A number of compounds known to promote urate loss in the urine via inhibition of other renal urate transporters such as URAT1 were tested to determine if they reduced SLC2A9 mediated urate transport. Benzbromarone showed a dose-responsive inhibition with 10 μM reducing urate uptake by 34% and 100 μM by 80% (Figure 1D). Additional kinetic analyses using two concentrations of urate (10 and 100 μM) and a Dixon analysis showed that the Ki for benzbromarone inhibition of urate transport mediated by SLC2A9a was 27 μM. However, probenecid at a concentration of 1 mM had no significant effect on urate uptake, p > 0.05 (Figure 1C). Similarly, furosemide had no significant effect at 100 μM, and, of the short chain fatty acids lactate, pyruvate, butyrate, and acetate at a concentration of 1 mM, only lactate induced a small and just significant inhibition, p < 0.05 (Figure 1C). Finally, the class I hexose transporter inhibitor phloretin had no significant effect on urate transport (< 10% inhibition) when applied at a concentration of 1 mM, p > 0.05 (Figure 1C).
SLC2A9 Mediates Exchange of Urate for Glucose or Fructose
Because SLC2A9a and SLC2A9b have previously been characterized as high-affinity, low-capacity glucose and fructose transporters, we tested the ability of these two hexoses to inhibit urate fluxes and, conversely, for urate to inhibit hexose uptake. Surprisingly, concentrations of glucose up to 1 mM had no effect on the transport of 10 μM urate (Figure 2B), and urate concentrations of up to 2 mM had no effect on the uptake of 50 μM D-glucose or D-fructose (Figure 2A and 2C). Note that the rates of urate transport were significantly greater than those for glucose. Urate fluxes were measured at 5 or 10 μM for only 20 min, whereas glucose rates were determined using 50 μM substrate for 30 min. Thus, converting flux rates to the same time period and equivalent concentrations suggest that urate is transported by SLC2A9 at rates 45- to 60-fold faster. The lack of significant competition between the hexoses and urate suggests that urate binds to a site on SLC2A9 that is different from the binding site for the hexoses. However, it could be argued that the injection of SLC2A9 mRNA was inducing expression of an endogenous protein that could separately mediate urate uptake. Therefore, we attempted to determine whether SLC2A9 could exchange hexoses with urate, providing further support for a single pathway mechanism. Since glucose and fructose are both rapidly phosphorylated upon entry into the oocyte, only urate efflux could be used to give a meaningful estimate of exchange rates. Oocytes were injected with radiolabelled urate and the efflux determined in the presence of 5 mM extracellular D-glucose, D-fructose, L-glucose, or 2 mM urate. Urate efflux could be described by a single exponential curve over a period of up to 20 min, and the presence of extracellular D-glucose greatly accelerated urate movement, while fructose did so to a lesser degree (7-fold versus 3-fold, respectively, Figures 3A and 3B). Extracellular cold urate accelerated the efflux of radiolabelled urate to the greatest degree, while extracellular L-glucose had no effect. Thin-layer chromatography was used to analyze the efflux medium, and only urate and no allantoin were detected on the plate for both water-injected eggs and those expressing SCL2A9a. Thus, SLC2A9 exhibits classical exchange trans-stimulation between urate and glucose or fructose. The rate of loss of injected radiolabelled L-glucose into the efflux medium was negligible, indicating that the injection protocol did not result in a nonspecific leakage of the substrate from the oocytes (Figure 3A).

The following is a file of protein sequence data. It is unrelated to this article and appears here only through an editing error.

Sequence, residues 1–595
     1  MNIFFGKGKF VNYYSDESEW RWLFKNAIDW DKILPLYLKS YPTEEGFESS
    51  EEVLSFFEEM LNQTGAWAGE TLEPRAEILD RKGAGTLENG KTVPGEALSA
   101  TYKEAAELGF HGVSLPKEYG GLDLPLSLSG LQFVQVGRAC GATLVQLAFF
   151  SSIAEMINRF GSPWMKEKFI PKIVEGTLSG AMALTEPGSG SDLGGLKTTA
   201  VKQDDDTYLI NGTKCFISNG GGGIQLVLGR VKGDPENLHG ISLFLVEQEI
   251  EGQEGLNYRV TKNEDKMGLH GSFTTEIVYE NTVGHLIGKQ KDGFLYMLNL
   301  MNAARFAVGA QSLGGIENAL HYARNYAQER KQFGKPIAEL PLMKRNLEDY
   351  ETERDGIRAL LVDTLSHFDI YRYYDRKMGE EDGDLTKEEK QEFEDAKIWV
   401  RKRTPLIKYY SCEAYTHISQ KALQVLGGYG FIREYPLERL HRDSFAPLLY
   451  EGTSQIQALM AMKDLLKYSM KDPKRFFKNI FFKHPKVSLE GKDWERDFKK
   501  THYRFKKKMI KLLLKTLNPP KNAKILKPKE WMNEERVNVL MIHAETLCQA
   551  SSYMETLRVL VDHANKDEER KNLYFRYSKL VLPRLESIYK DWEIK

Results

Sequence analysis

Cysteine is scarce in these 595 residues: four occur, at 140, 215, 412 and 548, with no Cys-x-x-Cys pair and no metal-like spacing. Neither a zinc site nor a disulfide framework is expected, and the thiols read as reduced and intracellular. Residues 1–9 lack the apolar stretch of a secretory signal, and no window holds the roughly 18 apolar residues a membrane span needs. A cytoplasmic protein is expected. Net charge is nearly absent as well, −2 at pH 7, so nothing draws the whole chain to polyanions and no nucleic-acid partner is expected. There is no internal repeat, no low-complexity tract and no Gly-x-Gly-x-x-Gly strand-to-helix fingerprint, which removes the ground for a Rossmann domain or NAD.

Oocytes were injected with SLC2A9a cRNA 4 d prior to uptake experiments. Symbols represent mean net substrate uptake and error bars the SEM for measurements made in 6–10 oocytes per condition. Total uptake of substrates was measured into SLC2A9a cRNA-injected oocytes and then corrected for the uptake measured under identical conditions using water injected oocytes from the same batch of eggs.
(A) Uptake over 30 min of 50 μM glucose in the presence of increasing concentrations of urate.